Suncorp to decommission data warehouses

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Suncorp to decommission data warehouses

Installs more processors for assembly on demand.

Suncorp Group will decommission its six enterprise data warehouses in the coming 18 months to improve the scalability and speed of its analytics.

The group has deployed software systems and 200 processor cores to allow it to search through and analyse 100TB of data from disparate sources on demand and in near real-time.

Suncorp’s business intelligence strategy architect Shaun Deierl told the CeBIT Big Data conference yesterday that the new data strategy had been two years in the making.

“The whole philosophy of structuring data at the point of acquiring it doesn’t work,” he said.

“We have a claims system with 2000 tables. We’re really agile, so there [are] changes to the underlying data structure every week.

“For you to have a traditional warehousing space to keep up with that, you never keep up with it.”

Deierl told conference delegates that the group had moved away from traditional extract, transform, load (ETL) processes, redeploying 14 ETL professionals earlier this year.

His 175-person analytics team used IBM’s InfoSphere Change Data Capture (CDC) technology to scrape data from various backend systems, including mainframe and midrange technology.

Data was then fed into an IBM Netezza analytics platform, and queried using Java models.

Suncorp also evaluated Oracle and SAS platforms, and installed Hadoop big data analytics technology early last year but was "struggling to find the problem to solve" with the latter.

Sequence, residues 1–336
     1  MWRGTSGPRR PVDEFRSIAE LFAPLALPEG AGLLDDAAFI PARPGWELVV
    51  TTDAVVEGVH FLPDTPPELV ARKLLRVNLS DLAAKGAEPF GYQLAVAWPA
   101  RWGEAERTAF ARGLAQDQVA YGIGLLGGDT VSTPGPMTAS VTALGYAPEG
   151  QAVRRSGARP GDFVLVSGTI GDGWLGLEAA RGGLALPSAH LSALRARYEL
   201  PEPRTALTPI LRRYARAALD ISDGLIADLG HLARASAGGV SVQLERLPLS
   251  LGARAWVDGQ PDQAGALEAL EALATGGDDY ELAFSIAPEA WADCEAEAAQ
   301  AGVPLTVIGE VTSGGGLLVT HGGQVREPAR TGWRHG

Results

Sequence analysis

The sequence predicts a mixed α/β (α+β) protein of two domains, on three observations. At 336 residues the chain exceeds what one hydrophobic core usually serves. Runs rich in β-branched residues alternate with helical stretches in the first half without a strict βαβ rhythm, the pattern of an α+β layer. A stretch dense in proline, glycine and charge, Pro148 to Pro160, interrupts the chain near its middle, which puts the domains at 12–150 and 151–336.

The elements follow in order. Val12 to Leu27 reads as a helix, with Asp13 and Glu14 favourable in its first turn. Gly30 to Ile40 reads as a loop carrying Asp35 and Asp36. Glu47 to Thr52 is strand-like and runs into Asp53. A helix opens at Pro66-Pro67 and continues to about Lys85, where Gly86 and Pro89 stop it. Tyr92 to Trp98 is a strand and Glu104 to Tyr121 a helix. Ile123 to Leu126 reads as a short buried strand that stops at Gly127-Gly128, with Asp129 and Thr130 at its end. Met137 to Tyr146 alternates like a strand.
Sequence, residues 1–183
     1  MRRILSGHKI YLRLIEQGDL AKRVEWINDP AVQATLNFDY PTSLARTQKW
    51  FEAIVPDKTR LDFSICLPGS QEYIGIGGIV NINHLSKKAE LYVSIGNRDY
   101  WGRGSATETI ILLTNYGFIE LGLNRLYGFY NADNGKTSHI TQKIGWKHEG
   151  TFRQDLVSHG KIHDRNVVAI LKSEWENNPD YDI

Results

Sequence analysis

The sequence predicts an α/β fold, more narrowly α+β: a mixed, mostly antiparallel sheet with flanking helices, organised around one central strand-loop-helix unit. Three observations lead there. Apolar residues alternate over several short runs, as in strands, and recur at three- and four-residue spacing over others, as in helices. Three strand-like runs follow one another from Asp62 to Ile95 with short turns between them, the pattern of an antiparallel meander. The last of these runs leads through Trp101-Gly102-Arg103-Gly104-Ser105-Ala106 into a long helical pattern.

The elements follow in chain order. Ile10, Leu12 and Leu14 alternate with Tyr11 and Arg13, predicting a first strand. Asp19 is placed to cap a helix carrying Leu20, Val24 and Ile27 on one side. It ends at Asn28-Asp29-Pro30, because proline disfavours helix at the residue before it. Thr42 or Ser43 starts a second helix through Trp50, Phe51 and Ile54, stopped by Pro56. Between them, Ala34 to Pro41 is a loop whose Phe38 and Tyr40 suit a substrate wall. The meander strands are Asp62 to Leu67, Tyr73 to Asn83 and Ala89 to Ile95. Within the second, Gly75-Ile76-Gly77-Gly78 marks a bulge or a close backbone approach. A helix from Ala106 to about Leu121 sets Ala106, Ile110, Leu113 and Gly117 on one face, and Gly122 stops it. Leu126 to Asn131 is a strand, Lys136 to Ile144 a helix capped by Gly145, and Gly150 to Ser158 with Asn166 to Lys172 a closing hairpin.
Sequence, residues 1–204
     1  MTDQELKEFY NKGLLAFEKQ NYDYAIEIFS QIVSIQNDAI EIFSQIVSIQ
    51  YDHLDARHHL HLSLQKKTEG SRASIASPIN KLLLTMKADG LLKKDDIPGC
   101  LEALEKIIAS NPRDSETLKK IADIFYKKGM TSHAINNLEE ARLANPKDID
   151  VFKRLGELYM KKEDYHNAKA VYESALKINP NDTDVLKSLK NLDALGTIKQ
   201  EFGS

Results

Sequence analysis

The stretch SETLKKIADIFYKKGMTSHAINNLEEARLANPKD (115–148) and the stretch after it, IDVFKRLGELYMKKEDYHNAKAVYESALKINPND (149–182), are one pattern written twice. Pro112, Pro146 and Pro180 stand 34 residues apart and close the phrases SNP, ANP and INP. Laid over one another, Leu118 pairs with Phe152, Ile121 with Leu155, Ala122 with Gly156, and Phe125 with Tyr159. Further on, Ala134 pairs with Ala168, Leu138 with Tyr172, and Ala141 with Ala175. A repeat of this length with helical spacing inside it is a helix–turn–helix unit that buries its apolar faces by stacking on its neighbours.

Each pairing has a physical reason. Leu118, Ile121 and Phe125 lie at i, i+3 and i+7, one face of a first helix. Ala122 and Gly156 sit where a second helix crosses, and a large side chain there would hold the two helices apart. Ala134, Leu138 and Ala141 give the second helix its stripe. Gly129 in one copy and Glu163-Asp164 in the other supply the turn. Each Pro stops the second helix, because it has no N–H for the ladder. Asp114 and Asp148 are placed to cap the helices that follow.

Deierl noted that the move away from data warehousing took “courage” – one of Suncorp’s six core values – especially given the amount of investment behind each of the warehouses.

He said the system had been used to analyse the insurance claims experience for about a tenth the cost so far.

“Return on investment is really hard to say because we provide the data but you’ve got to use it,” he noted.

“We’ve been delivering for the past 12 months … Every two weeks, we have to prove [the system’s value].”

Deierl said Suncorp had not forced business units to move away from data warehouses but aimed to attract them to the new architecture instead.

The business intelligence team planned to cease supporting various systems in step with Suncorp’s simplification plan.

It would then treat any decommissioned data warehouses as one of several sources of data to be scraped with CDC.

“Some of these warehouses are six terabytes and they don’t change much, and most of it is indexing,” Deierl noted.

“We take the warehouse as a source, so we hook CDC up to it and the warehouse is basically a proxy for all the systems that we want to turn off.”

Ideally, Deierl said Suncorp hoped to treat data like it did IT infrastructure, moving it from closed, proprietary systems to ubiquity.

“If you have a Google-like experience where you type in a word and it then does that without having data modellers in between, it’s brilliant,” he said.

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